Queries as physio pool maintenance slides

Dunedin physiotherapist Barbara Anderson sits on the side of the physiotherapy pool. She has...
Dunedin physiotherapist Barbara Anderson sits on the side of the physiotherapy pool. She has appealed for the pool to be protected in the Dunedin Hospital rebuild. Photo: Gregor Richardson.
The Otago Therapeutic Pool Trust and the Southern District Health Board are at odds over which entity is supposed to be maintaining the pool while its long-term fate remains in limbo.

The Ministry of Health ordered the deferral of a long-planned pool upgrade after it took over the Dunedin Hospital rebuild last year. The pool site might be used for the build.

Before that, the SDHB had agreed in principle to negotiate a long-term lease, but everything is on hold now. 

Trust secretary-treasurer Neville Martin said the pool pays $140,000 per year to SDHB and it is supposed to include maintenance.

Mr Martin did not know when the pool trust would be given certainty about the pool’s fate.

Dunedin physiotherapist Barbara Anderson, who raised more than $29,000 for the pool in a fundraising dance last year, has appealed for the pool to be protected.

The dance was part of a community fundraising effort backed by the Otago Daily Times that raised $1.2 million.

Mrs Anderson wrote a letter to the ODT about her concerns.

"We also cannot let this facility deteriorate any further — there is currently wilful neglect of the building occurring since the SDHB pulled its maintenance schedule, which is now glaringly obvious. It used to do a thorough review and repair at the end of each year, but that has clearly been withdrawn."

Mrs Anderson said the pool should be factored into the hospital redevelopment.

"Please ensure that the architects and health administrators walk in the shoes of their community and patients before making a decision from afar that will affect us all in the next decades.

"The building is sound and the resource is essential for so many.

"Let’s stand up, Otago, and ensure this wonderful pool is kept regardless of the shape of our essential hospital/university rebuild and land swap plans."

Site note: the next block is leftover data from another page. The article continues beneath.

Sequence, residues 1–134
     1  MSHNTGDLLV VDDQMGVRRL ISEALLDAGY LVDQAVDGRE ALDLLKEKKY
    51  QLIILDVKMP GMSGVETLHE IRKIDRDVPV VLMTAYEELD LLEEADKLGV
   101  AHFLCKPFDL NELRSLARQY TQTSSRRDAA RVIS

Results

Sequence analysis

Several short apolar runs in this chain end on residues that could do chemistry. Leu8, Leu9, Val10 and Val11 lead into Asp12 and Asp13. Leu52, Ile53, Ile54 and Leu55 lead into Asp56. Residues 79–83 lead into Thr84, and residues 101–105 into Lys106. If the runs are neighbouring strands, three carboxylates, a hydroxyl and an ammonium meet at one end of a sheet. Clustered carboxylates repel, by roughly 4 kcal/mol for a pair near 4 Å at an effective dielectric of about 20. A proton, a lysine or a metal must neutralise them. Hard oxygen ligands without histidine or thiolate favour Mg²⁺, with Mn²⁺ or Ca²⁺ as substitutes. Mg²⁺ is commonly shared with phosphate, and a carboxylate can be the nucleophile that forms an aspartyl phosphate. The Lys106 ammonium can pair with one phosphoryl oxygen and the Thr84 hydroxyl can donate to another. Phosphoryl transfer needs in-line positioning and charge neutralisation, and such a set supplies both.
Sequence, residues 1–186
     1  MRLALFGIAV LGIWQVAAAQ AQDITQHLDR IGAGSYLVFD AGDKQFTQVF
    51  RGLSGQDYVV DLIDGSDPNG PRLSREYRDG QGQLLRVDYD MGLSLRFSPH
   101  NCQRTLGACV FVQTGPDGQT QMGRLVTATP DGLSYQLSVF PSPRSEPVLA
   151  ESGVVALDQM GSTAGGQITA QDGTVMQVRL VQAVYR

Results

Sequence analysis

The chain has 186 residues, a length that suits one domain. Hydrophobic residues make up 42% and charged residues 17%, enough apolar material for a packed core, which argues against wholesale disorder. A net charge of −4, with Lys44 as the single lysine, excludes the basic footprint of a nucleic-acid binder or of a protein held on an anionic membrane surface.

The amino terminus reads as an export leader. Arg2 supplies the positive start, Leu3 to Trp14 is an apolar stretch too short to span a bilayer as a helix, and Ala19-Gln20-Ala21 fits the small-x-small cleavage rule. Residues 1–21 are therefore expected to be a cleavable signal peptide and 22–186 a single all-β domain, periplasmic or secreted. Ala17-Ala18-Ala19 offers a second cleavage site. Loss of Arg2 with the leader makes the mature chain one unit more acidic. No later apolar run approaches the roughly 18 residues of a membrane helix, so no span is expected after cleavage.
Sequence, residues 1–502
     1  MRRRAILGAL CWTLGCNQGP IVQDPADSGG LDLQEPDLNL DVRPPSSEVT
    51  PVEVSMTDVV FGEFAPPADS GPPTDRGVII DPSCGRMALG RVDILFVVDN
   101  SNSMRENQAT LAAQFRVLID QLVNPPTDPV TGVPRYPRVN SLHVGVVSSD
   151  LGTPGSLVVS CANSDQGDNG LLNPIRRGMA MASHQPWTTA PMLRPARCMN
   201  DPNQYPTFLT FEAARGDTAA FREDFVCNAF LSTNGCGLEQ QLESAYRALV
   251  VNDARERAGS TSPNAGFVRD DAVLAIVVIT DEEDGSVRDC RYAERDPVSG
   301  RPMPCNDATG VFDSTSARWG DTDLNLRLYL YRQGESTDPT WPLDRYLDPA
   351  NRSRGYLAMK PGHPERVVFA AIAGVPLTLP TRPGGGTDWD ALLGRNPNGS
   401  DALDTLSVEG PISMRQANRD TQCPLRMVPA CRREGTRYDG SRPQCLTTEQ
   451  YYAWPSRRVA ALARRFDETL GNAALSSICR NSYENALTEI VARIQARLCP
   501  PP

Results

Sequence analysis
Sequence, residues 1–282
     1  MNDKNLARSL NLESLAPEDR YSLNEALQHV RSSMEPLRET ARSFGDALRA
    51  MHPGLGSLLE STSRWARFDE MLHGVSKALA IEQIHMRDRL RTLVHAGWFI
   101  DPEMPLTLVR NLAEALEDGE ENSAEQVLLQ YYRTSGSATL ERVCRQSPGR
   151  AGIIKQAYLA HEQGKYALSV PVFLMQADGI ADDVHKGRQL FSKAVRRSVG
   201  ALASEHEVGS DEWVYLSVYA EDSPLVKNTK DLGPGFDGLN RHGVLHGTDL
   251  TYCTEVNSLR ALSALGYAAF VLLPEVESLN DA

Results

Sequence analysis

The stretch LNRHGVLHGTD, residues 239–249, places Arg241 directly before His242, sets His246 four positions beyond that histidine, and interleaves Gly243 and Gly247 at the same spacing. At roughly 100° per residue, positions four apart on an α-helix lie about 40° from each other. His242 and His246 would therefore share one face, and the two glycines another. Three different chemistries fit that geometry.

A tentative suggestion of a land swap between the University of Otago and the SDHB to enable the build on areas owned or part-owned by the university was revealed by the ODT last weekend.

But as with decisions about the pool, any decision over a land swap resides with the Ministry of Health and a politically-appointed governance group.

Mrs Anderson refers clients to the pool, but because of an injury, she has been using it herself.

"This year I find myself with bilateral tibial spine fractures with significant soft tissue damage of both knee joints thanks to a faulty ski binding, which has left me using a wheelchair and crutches over the last seven weeks.

"It has been a challenging time, but thanks to the physio pool, I have been able to commence my physio/ACC return to work rehabilitation programme there, and am making exceptional progress.

"Without the 35 degrees of warmth in the pool, my joints would not want to move with the same ease, and the whole process would be so much more uncomfortable," Mrs Anderson’s letter says.

The ODT asked the SDHB to respond to Mrs Anderson’s letter, and in particular, to  the suggestion that maintenance had been dropped.

SDHB interim chief executive Chris Fleming, in a statement, said the pool trust was responsible for maintaining the pool and surrounding building.

"Southern DHB recognises the value placed on the physio pool by the community and appreciates the efforts of the many people in supporting the facilities they care about.

"Planning is still in the early stages, with  Southern DHB staff and health planners currently developing  models of care on the basis of expected demographic change in the district. 

"With an ageing population, rehabilitation and older persons’ health is very important, and provision for appropriate therapeutic facilities will need to be considered," the statement says.


Add a Comment